Exclusion clause

This necessitates us to focus on the specific exclusion in the definition viz., but does not include a person who supplies such goods or services or both or securities on his own account.

The exclusionary expression clearly starts with the preposition BUT which means that even though a person arranges or facilitates a supply between two or more parties, yet in specific and abundant terms provides that a person supplying such goods, services or securities on his own account is not to be considered an intermediary as essentially he does not act in such a capacity and hence excluded from the definition. That brings us to analyse as to what constitutes “acting on one’s own account”.

Simplicitor example of an intermediary in relation to supply of goods is a person who buys goods on his own account and sells the same which is known as trader engaged in a trading activity is not acting as an intermediary though he may be interacting with purchaser and a seller. Similarly, when a stock broker buys securities himself on his account and not for any of his clients and would sell the said securities from his own account, it would be part of his own trading activity in shares or securities or it could be his own investment activity and he does not play the role of an intermediary for such transactions. Since goods and securities are tangible, it is easier to perceive and fathom the nature of transactions. However, it may require some more efforts or a challenge to examine the nature of service in relation to service transactions and determine whether a specific transaction is one provided as intermediary or a service provided on one’s own account though interaction with or dealing with the customers of the client may be involved while performing the functions assigned by the recipient of the service. This appears particularly challenging for the revenue office it seems!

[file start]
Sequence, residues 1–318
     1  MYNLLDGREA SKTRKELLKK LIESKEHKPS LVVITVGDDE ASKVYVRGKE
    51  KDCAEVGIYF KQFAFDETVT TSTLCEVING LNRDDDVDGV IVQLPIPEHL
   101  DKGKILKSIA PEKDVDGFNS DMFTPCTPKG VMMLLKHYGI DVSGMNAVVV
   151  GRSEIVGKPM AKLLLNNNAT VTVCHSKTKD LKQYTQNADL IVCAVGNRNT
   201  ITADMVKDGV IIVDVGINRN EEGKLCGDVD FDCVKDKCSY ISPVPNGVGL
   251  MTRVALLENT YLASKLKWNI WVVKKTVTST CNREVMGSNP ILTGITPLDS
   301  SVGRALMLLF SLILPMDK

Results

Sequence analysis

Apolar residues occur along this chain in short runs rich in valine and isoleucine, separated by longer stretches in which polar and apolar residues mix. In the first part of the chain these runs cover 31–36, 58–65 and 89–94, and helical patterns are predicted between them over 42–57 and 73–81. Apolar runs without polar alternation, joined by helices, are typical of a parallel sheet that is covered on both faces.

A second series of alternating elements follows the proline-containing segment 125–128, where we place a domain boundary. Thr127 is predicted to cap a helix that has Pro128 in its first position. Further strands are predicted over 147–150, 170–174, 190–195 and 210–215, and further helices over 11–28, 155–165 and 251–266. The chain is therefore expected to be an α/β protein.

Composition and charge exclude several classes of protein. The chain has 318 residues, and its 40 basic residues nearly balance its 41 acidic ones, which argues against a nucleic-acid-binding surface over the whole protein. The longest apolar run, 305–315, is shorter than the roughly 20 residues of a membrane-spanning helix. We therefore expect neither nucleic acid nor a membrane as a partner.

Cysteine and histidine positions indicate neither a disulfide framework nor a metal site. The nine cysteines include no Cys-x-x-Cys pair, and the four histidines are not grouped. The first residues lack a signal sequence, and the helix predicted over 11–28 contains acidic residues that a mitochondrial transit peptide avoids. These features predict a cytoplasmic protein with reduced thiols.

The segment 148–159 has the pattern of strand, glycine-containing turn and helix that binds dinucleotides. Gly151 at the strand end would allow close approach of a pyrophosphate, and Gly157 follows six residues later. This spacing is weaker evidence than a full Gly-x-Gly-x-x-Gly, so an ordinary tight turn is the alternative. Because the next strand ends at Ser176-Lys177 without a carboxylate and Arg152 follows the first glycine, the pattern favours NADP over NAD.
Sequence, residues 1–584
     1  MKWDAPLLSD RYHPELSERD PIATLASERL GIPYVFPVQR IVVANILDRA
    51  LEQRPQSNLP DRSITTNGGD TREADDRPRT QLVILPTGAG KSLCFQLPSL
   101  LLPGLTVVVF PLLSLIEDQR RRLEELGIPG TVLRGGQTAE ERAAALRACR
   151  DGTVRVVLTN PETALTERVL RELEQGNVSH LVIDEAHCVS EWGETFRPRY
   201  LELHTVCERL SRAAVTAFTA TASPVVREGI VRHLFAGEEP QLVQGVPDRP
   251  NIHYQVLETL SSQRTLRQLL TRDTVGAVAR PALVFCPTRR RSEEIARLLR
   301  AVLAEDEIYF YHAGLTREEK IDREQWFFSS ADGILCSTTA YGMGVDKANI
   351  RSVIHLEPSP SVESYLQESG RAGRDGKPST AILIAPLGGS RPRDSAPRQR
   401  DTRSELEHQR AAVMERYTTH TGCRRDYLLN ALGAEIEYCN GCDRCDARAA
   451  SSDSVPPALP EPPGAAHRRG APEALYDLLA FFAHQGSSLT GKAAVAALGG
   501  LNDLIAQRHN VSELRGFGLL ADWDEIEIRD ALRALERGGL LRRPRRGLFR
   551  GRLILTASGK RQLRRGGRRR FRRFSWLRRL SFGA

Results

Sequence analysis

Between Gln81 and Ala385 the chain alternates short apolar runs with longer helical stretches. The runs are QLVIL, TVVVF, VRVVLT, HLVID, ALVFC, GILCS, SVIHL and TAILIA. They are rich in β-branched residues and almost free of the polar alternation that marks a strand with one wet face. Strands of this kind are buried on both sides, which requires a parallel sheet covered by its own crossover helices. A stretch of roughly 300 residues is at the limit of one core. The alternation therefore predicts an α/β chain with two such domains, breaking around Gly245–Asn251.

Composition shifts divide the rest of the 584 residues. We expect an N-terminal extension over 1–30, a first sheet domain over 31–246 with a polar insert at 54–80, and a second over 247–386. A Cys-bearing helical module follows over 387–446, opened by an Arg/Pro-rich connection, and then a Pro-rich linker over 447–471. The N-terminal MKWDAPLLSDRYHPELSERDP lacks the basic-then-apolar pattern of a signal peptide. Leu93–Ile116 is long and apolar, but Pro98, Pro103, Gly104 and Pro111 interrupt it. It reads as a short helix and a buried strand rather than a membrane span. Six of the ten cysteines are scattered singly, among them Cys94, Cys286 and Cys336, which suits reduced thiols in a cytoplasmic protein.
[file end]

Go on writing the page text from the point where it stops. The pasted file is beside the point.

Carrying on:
Examples of services of intermediary